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Washington University in St Louis Olin Business School

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Home > Academic Programs > PhD > Marketing > Marketing Science Curriculum
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Marketing Science Curriculum

PHASE ONE - FIRST YEAR

Curriculum

Research

Milestones

Math Camp

(Held in August prior to first semester)

Fall

Spring

Core Foundations

Core Foundations

Microeconomics I
Quant. Methods I
Quant. Methods II
(9 credits)

Microeconomics II
Microeconomics II
Econometrics
(9 credits)

Marketing Courses

Marketing Courses

Olin courses
(3 credits opt.)

Olin courses
(3-6 credits)

Attend Marketing Seminars

Begin Research Collaborations

Micro Econ Prelim Exam

The theory examinations will concentrate on applications of the theory. Students must receive Distinction or a PhD "Pass" to continue in the PhD program. One retake of the theory examination is permitted. Students must retake the exam if they fail to obtain a PhD "Pass." Theory examinations are given in late June to all first-year students. All students are expected to stay in residence between the end of spring classes and the June prelims to study. Retake exams are scheduled in August.

PHASE TWO - SECOND YEAR

Curriculum

Research

Milestones

Communication Course

Fall

Spring

Elective Foundation Courses

Elective Foundation Courses

(3-6 credits)

(3-6 credits)

Marketing Courses

Marketing Courses

(3-6 credits)

(3-6 credits)

RA/TA Orientation (held in August)

Attend Marketing Seminars

Second-Year Summer Paper

Papers are due in July in the summer following second-year courses.

Qualifying Exam

400 RA/TA Hours

PHASE THREE - THIRD & FOURTH YEARS

Curriculum

Research

Milestones

Teaching Workshop
Communication Course

Fall

Spring

Independent Course Study & Elective MKT Courses

Independent Course Study & Elective MKT Courses

(6-9 credits)

(6-9 credits)

Attend Marketing Seminars

Paper Presentations

Dissertation Research

Conference Presentations

Proposal or Dissertation

Students must be able to assemble a committee for the proposal of their dissertation and submit a Title, Scope and Procedure Form at the committee's approval of the proposed dissertation by the end of their fourth year.

400-500 RA/TA Hours

PHASE FOUR - FIFTH YEAR

Curriculum

Research

Milestones

TA or Class Facilitation

Fall

Spring

Dissertation

Dissertation

(6 credits)

(6 credits)

Attend Marketing Seminars

Dissertation Research

Conference Presentations

Job Market

Oral Defense of Dissertation

Intent to Graduate

400 RA/TA Hours

Marketing Science Courses

MKT 602 Consumer Behavior I

Consumer Behavior I is the first half of a two-part PhD level course on consumer behavior. However, either part I or part II can be taken independently of the other part. This course will essentially cover the first half of topics from the Handbook of Consumer Psychology.

MKT 602 Consumer Behavior II

Consumer Behavior II is the second half of a two-part PhD level course on consumer behavior. However, either part I or part II can be taken independently of the other part. This course will essentially cover the second half of topics from the Handbook of Consumer Psychology.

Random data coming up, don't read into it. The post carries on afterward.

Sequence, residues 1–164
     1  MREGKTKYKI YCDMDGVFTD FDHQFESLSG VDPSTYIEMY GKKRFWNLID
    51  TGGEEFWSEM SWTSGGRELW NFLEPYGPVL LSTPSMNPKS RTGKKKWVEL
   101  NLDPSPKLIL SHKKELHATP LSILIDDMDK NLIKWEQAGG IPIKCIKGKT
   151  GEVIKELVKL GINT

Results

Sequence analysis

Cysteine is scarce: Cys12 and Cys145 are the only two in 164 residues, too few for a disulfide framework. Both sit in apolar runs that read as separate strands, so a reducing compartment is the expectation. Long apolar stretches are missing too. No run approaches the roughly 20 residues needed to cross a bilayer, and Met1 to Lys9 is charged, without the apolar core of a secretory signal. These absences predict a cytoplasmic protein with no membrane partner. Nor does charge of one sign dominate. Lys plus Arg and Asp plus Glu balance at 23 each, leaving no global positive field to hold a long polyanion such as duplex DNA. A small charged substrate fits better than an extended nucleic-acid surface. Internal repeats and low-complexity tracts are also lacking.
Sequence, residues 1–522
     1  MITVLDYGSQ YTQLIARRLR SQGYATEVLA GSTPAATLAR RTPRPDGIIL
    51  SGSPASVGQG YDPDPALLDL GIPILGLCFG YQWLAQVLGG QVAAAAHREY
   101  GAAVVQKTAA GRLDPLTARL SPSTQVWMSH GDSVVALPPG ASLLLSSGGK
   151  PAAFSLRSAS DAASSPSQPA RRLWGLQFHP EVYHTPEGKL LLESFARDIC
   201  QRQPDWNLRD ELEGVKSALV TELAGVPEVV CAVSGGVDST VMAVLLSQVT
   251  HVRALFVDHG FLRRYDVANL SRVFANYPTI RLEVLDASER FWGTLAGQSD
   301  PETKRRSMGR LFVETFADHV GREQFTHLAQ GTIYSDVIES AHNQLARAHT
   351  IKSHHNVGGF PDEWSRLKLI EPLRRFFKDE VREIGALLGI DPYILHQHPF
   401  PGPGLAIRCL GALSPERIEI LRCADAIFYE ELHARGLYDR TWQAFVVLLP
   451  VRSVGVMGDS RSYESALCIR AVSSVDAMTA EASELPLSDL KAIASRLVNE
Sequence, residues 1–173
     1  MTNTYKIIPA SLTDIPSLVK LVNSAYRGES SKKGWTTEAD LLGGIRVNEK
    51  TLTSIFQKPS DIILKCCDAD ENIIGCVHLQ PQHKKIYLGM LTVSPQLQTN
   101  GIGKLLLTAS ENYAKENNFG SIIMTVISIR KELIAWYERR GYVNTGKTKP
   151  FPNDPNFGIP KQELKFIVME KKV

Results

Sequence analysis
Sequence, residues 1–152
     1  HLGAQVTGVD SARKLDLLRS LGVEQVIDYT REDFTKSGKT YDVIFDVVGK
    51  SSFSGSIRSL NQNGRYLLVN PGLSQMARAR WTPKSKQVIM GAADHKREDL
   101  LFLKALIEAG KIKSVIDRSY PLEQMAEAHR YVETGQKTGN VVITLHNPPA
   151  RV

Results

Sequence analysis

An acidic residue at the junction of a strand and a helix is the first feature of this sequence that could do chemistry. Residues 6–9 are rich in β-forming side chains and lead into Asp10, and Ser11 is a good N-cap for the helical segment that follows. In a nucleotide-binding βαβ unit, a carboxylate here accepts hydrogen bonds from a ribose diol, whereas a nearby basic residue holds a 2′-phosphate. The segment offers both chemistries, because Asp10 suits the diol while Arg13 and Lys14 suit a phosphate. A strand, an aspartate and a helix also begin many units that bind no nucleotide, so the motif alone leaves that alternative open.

B55 MKT 670 Seminar in Marketing Management

This course is an advanced seminar of doctoral level standing. The course is aimed at students pursuing a degree in business, economics or other disciplines interested in learning about the state of the art in analytical and empirical models in marketing. The objective of this course is to study analytical and empirical models and methods used in marketing to understand and predict the behavior of market participants, viz., consumers, and firms and to examine generalizations of such behaviors from a number of studies. The topical coverage in this seminar will vary from year to year.

B55 MKT 672 Special Topics in Marketing
B55 MKT 673 Analytical Modeling in Marketing

This PhD level seminar provides an overview of analytical models in marketing and economics as well as an in-depth discussion of game theory topics frequently used in economics and business literature. The seminar consists roughly of two parts. The objective of the first part is to achieve understanding, justification, and intuition for the commonly-used equilibrium concepts and ideas in game theory, such as Nash, Bayesian Nash, and Markov-perfect equilibria, and sub-game perfection. In this part, the course will go beyond the standard game theory treatment in Micro II to understand the usual critique and justification of the use of game theory in business applications and to better understand the equilibrium concepts used in applied economics and business literature. The objective of the second part is to study how these concepts have been used in the current business and economics literature. The specific areas covered in this part will vary from course to course to take into account the interests of students and to avoid overlap but complement recently offered courses. Likewise, to avoid overlap, the emphasis placed on the two parts of the course will vary from year to year. The topics and methodology covered in this seminar should be of interest to doctoral students in Business, Economics, and Political Science.

B55 MKT 674 Judgment and Decision Making

This class provides students an introductory overview of judgment and decision making (JDM, aka Behavioral Decision Making) research, with a consumer behavior slant. The field of JDM is heavily grounded by the disciplines of economics, psychology, and statistics, and now has major contributions from most business domains as well (organizational behavior, behavioral accounting, behavioral finance, marketing, consumer behavior, etc.). We will look at some of the classic articles and theories that started the movement and current work that has updated these theories.

B55 MKT 675 Empirical Methods in Structural Modeling
B55 MKT 678 Independent Study in Marketing